The media is full of voices: a daily barrage of numbers, projections, predictions and pleas for social distancing. Many people have been distanced not by encouragement but by enforcement. The emotions of the past month have progressed from ignorance, to denial, to concern and finally to fear. One can almost feel the anxiety level increase just by consuming the news. There is a pall cast over our nation and with it has come a sense of darkness. These days are unlike any that have been experienced before by those in our congregations.
Yet the church is not without a voice in these dark days. The LCMS weathered a similar pandemic in 1918. Luther faced the devastating darkness of the plague that befell Wittenberg in his day.
But this endurance is more than just history. It is a part of who we are as God’s people. War, famine and pestilence are present in Holy Scripture. When God’s people faced these devastating events, they did it head on. And, as one looks at the response of God’s people in times like the one we face today, it is important to note that they found their voice in the midst of it all. Their voice was one of repentant faith!
The challenge that faces the local congregation today, especially in the area of stewardship, is the call to find its voice. The church has not been called to sit silently during these days of challenge. The church is to respond as the church, as the voice that is faithful to the Lord who has created us and in Jesus has redeemed us. The church proclaims what it has always proclaimed: the Word of God.
Our voice has not changed. Our voice is still marked by what Jesus has given us to say in Luke 24:47: “repentance for the forgiveness of sins should be proclaimed in his name to all nations, beginning from Jerusalem.”
Once we have found our voice, we need to use it. The local congregation needs to do three things at a time like this: communicate, communicate, communicate. This communication needs to be multi-layered. Modern communication methods such as weekly emails, online videos and social media posts have made this a much easier task than the one our forefathers faced in 1918. It is necessary that there is some investment in additional broader communication as well. The postal service still stands ready to help you communicate. Letters still do work.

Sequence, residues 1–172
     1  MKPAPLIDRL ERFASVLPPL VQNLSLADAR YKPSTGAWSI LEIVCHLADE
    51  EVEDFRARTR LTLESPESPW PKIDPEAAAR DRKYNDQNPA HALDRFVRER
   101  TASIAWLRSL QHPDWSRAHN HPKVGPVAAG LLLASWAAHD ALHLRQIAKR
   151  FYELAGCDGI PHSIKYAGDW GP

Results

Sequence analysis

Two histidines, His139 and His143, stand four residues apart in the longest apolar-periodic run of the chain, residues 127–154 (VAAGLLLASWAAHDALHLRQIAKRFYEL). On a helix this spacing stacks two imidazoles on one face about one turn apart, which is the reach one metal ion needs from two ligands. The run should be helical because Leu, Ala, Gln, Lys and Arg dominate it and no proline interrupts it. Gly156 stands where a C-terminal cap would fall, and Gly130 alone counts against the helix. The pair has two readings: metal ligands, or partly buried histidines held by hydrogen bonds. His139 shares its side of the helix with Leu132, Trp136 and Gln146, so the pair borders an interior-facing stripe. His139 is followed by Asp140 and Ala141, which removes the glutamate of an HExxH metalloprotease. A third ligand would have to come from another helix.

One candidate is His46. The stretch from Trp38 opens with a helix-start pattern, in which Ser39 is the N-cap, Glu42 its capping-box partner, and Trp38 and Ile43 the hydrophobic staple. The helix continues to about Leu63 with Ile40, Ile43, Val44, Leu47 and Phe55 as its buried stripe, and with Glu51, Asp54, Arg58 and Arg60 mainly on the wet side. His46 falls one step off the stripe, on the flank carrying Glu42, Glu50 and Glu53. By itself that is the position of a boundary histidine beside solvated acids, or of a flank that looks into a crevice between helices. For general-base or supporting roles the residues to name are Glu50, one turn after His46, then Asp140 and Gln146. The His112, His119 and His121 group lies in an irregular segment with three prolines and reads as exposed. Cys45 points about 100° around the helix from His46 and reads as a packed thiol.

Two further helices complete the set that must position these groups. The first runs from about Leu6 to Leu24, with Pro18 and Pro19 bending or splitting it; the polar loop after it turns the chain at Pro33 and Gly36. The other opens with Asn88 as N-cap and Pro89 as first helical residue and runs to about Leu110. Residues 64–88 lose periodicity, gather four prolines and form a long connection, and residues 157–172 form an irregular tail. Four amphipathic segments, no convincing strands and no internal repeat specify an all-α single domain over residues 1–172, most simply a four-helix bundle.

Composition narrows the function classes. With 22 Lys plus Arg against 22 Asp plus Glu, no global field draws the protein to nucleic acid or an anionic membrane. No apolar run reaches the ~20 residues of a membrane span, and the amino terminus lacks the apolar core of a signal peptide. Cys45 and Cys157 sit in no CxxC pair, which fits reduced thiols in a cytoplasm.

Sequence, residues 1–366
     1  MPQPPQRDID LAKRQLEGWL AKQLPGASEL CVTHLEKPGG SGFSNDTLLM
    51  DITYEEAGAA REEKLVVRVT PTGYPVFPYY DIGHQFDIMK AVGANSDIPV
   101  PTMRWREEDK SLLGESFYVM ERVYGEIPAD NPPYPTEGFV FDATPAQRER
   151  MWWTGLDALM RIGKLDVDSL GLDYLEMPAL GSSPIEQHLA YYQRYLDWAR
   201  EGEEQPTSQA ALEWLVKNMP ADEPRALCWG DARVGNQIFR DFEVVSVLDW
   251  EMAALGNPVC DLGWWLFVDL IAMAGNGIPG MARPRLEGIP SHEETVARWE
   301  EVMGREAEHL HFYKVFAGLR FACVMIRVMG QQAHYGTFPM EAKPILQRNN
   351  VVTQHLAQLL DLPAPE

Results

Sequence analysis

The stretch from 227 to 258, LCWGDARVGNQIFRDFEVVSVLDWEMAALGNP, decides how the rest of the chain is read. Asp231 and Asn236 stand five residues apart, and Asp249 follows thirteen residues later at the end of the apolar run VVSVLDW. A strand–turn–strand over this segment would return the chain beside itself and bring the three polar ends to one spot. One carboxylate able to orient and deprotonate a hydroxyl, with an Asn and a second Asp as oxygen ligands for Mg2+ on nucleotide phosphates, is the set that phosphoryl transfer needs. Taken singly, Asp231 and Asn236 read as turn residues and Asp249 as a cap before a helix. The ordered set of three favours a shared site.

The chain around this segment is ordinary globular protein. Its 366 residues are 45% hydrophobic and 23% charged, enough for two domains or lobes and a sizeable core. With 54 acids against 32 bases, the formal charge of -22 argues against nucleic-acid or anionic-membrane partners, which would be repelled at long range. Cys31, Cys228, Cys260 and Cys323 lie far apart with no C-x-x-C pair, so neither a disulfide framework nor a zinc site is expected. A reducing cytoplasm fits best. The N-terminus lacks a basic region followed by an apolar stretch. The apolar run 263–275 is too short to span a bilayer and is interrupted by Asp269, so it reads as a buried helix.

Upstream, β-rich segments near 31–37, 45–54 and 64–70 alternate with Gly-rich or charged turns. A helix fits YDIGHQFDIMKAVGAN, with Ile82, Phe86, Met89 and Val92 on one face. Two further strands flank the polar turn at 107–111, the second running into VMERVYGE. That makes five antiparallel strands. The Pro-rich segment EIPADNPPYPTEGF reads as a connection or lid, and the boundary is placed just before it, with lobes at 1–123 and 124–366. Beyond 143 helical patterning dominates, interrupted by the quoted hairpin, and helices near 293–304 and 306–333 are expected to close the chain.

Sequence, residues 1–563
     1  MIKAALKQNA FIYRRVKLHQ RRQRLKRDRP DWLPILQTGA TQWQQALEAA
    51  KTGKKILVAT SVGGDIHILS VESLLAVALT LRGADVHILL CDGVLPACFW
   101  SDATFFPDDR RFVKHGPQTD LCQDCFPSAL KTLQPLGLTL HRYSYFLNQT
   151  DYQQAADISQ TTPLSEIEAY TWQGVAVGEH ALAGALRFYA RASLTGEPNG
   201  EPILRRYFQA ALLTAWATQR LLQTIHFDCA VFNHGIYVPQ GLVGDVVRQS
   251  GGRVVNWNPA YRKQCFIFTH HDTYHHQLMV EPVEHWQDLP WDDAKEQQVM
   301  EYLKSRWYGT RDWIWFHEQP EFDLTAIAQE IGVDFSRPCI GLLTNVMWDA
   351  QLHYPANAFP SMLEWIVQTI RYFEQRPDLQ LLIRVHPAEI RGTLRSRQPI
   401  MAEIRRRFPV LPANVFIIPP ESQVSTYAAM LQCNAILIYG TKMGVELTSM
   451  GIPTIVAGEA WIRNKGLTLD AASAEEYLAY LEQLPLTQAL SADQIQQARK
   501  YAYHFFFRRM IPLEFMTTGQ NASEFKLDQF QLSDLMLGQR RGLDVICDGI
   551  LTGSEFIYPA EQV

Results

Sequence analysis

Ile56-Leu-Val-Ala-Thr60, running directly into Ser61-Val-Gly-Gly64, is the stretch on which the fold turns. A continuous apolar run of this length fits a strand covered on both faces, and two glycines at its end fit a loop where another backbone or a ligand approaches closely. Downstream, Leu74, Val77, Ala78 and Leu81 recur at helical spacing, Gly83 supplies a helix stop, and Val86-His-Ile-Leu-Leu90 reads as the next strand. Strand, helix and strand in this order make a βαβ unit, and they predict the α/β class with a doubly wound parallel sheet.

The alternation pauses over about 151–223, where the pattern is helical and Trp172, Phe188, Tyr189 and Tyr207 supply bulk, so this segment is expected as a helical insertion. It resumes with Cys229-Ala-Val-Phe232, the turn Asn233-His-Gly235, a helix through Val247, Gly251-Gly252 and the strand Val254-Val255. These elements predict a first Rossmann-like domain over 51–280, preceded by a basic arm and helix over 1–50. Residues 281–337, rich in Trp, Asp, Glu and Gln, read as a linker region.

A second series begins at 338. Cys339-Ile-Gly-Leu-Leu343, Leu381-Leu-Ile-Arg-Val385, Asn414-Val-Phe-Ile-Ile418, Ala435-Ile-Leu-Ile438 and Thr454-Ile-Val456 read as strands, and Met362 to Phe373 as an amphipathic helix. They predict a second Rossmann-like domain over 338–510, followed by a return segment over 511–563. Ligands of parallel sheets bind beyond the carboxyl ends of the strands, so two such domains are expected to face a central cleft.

As we use the voice we have found, it is important to remember that we are also stewards of words. Word choice is critical. While it is easy to say that we are facing a crisis, this makes our message sound as shrill as the one coming from the media. What the church faces today in this time of pandemic is a challenge. There is a difference between crisis and challenge. Crisis creates and instills fear. Challenges give rise to opportunities to overcome!
Finding our voice in faithful stewardship of words means that we are confident in asking our brothers and sisters in Christ to keep supporting the work that the Lord is doing even in this time of challenge. Coronavirus does not stop people from hearing the Gospel and being led to faith.